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In this third installation of my fall photography adventures, I focus my camera on the Tamarack. I love how this tree turns golden yellow and illuminates the fall landscape of central Minnesota, and I often return to this subject because of it variation in every season. With that being said; how do you approach a subject you have photographed in the past with a unique perspective?
In this video, I take you through an exercise I employ when I want to tell a different story and develop my photographic eye. I like to shoot a single subject from several viewpoints to start telling a unique story.
Despite how easy it looks, photography is hard, with three learning curves to conquer: the technical aspects of the camera, the theory of light and shadows, and the actual composition of a photo (sometimes called "seeing the shot").
That last part is the hardest thing for beginners to grasp. Composition has an artsy component that can't be easily taught. It must be discovered by the photographer themselves.
Fortunately, there are photography exercises that can help "develop your photographic eye". And with practical experience being the only guaranteed way to understand composition, in this video I explore one exercise of photographing a subject 3 – 5 – 10 different ways.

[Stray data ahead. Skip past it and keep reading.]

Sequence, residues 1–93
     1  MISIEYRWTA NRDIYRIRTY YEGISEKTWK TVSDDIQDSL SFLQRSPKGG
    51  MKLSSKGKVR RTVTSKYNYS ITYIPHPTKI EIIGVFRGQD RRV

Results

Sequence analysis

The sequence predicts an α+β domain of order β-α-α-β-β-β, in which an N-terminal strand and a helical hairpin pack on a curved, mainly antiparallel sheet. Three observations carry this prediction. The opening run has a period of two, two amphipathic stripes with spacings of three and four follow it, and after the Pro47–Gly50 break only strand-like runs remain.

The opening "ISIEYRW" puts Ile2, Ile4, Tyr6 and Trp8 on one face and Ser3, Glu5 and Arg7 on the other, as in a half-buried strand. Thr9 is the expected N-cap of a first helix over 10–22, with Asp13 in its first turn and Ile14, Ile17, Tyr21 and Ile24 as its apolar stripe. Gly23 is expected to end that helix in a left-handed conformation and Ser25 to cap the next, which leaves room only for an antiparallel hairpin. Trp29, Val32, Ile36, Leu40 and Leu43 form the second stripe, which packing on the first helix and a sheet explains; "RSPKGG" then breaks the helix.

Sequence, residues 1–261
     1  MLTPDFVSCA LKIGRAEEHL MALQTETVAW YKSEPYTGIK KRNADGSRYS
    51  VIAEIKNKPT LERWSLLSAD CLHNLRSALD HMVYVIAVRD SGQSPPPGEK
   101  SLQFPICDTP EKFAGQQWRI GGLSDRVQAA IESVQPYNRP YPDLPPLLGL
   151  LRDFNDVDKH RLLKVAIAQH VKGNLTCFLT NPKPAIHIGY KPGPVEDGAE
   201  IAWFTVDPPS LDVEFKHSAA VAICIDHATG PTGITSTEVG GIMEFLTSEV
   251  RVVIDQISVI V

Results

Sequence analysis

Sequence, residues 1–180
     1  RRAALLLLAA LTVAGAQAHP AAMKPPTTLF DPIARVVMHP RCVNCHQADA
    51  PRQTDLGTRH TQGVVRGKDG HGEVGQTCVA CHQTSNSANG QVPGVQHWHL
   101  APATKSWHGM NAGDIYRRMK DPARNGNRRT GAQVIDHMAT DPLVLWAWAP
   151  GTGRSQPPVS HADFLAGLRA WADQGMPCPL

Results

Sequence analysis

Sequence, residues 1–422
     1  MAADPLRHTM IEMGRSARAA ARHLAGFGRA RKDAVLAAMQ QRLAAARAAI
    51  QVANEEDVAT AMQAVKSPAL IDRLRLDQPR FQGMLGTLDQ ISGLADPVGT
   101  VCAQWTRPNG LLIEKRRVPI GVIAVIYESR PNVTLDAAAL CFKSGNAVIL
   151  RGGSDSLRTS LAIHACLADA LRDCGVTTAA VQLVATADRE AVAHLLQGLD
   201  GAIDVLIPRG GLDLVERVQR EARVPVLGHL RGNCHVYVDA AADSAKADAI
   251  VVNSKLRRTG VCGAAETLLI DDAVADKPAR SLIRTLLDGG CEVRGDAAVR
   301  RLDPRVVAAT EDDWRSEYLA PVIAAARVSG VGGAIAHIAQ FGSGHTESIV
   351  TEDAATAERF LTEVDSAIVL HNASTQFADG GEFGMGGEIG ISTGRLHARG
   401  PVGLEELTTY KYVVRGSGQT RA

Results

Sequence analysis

Here's a common mistake made by newbies: always taking photos from the same height and from the same angle. It's natural to stand up straight and take snapshots from eye-level, but that's boring. After all, everyone knows what the world looks like from eye-level.
If you want your photos to be more compelling, change things up. Capture the world from unusual angles and positions: viewpoints that are foreign to most people.
This photography exercise helps train your sense of angles. First, find a subject. Any subject. It could be tamaracks, a stove-top kettle, a pet dog, a fire hydrant, or a herb garden. Anything works.
Then take 5 - 10 photos of it. No two photos should be alike. Try looking directly down at it. Then try looking directly up at it. Shift the angles. Look at the front of the subject, then the back, then the sides.
The possibilities are countless, and even the smallest tweaks to the angle can have a large impact on the resulting photo. Do this for hundreds of subjects, and you'll start seeing angles everywhere you go without even trying.
A selection of images from this video, now available in our print shop.
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